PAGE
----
Tuesday, October 26, 2010

Pen Meets Paper Oct.25'10

Opinion by Helge Nome
The term “currency wars” has appeared in the mainstream media lately. What does this term mean and in what way is it relevant to people that carry out their day’s work and get paid for it?
Following what has now been termed the “General Financial Crisis” or GFC in 2008, huge amounts of debt has been transferred from the balance sheets of large banking institutions to the balance sheets of national governments. This was done to save the banks from the folly of their own actions in entering into high risk credit agreements, hoping for quick return on investments. The levels of private debt also escalated hugely during the lead up to 2008, because of inflated asset prices in the real estate sector in particular. We are now in the “morning after” hangover phase with debts having to be repaid, one way or another, in order for the financial system to hang together in one piece. (Notice that there is a lot of “hanging” here). The US economy, in particular, has taken a real beating because of North Americans’ reliance upon cheap credit to buy consumer goods and anything else of perceived value. Also North Americans like high paying jobs and tend to shy away from “menial” tasks, unless they are paid $50 an hour, or better, for doing them. So, a lot of manufacturing activity has been shifted over to low wage countries like China, yielding low priced consumer goods as a result.
And now the panic is on: North America is faced with growing unemployment which is becoming a potential threat to social cohesion and something drastic has to be done.
The US Government has chosen the path of printing more of its dollars in order to create inflation, and so lower the value of the US dollar in order to try and make what industries do operate in the US more competitive in export markets. That would improve the employment picture at home.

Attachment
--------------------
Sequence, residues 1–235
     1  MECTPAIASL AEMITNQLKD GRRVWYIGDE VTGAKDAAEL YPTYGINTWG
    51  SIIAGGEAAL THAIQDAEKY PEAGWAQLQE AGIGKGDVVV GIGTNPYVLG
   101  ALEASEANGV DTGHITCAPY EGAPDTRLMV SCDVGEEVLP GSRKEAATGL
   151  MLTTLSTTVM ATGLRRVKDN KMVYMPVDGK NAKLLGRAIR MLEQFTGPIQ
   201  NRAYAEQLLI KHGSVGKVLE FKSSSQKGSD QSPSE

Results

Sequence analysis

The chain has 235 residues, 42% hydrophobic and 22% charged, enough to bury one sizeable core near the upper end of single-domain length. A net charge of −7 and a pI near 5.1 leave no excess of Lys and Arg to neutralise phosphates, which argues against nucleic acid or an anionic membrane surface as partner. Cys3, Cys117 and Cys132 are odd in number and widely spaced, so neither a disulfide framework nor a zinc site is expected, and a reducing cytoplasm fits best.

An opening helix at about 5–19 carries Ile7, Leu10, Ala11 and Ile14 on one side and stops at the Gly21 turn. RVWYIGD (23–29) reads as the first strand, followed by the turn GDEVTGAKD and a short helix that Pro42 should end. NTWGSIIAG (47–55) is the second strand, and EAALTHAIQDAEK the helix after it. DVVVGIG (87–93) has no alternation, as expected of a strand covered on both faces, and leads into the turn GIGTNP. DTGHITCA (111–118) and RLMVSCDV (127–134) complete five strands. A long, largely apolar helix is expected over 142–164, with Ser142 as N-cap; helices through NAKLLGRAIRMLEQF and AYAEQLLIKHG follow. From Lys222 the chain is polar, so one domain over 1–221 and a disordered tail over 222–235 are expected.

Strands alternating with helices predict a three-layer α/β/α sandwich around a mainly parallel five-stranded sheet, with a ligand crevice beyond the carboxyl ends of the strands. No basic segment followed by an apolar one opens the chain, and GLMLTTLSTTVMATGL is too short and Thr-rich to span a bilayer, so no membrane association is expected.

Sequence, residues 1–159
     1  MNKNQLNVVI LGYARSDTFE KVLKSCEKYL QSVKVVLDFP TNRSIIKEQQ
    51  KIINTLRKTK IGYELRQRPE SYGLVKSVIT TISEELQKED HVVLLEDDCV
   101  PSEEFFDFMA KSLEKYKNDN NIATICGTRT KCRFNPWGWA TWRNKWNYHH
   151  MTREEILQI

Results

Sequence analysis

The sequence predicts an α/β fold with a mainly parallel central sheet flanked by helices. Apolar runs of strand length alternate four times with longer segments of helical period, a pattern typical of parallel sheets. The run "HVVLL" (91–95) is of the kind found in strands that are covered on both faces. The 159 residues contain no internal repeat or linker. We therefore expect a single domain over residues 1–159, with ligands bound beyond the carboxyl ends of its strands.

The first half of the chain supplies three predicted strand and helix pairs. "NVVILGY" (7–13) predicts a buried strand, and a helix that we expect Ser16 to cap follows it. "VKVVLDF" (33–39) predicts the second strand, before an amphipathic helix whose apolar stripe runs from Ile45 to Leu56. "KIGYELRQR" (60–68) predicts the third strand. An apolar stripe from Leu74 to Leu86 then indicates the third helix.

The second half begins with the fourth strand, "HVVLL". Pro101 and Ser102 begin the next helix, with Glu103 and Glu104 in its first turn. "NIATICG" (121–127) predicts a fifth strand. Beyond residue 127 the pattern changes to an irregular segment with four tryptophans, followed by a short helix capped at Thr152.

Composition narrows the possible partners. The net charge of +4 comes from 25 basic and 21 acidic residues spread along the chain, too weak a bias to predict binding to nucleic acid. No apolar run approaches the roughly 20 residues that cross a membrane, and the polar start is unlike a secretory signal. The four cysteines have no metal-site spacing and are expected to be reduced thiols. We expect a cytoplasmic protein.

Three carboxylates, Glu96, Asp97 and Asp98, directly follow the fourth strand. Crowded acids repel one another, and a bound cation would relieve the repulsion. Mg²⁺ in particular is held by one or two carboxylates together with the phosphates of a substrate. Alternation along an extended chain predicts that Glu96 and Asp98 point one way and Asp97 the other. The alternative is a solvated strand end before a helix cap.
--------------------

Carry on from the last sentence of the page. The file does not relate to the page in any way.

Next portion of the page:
Predictably, other national governments aren’t just going to sit back and see their currencies go up in value against the US dollar, loosing exports and see cheap US goods coming into their own markets, putting their own industries under stress.
Several responses are open to these governments, including printing their own money in abundance, just like the US is going to do. The net result is more money floating round everywhere, meaning that each unit of money will loose in value.
The big losers in this kind of war, a currency war, are those on fixed incomes which includes pensioners and, in practice, wage earners. In effect the people that are printing the new money are stealing from those that receive fixed incomes because they are diluting the value of their earnings, just like an undetected counterfeiter of currency would do.
So, the paycheck you receive every two weeks, or month, will look the same, but at the end of the day an ever increasing portion of that paycheck will be needed to fill up your fridge, or your gas tank.

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